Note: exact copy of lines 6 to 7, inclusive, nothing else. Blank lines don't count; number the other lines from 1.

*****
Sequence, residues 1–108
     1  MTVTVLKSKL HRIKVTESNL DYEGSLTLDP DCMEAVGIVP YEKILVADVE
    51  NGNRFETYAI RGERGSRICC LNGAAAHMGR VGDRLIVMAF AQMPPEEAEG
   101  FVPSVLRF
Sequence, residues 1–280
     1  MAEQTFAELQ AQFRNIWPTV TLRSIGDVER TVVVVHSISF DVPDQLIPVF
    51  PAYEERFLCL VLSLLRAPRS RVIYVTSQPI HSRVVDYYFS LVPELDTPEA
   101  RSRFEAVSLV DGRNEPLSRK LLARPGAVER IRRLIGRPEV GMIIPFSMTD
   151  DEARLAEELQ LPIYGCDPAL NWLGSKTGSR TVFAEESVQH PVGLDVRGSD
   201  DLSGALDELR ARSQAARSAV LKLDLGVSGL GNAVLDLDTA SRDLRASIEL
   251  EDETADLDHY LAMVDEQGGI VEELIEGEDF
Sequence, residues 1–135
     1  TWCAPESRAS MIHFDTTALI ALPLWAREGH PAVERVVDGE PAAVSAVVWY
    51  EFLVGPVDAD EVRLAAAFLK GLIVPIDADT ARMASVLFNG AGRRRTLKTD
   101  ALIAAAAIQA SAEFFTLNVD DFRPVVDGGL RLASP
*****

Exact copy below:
     1  MAEQTFAELQ AQFRNIWPTV TLRSIGDVER TVVVVHSISF DVPDQLIPVF
    51  PAYEERFLCL VLSLLRAPRS RVIYVTSQPI HSRVVDYYFS LVPELDTPEA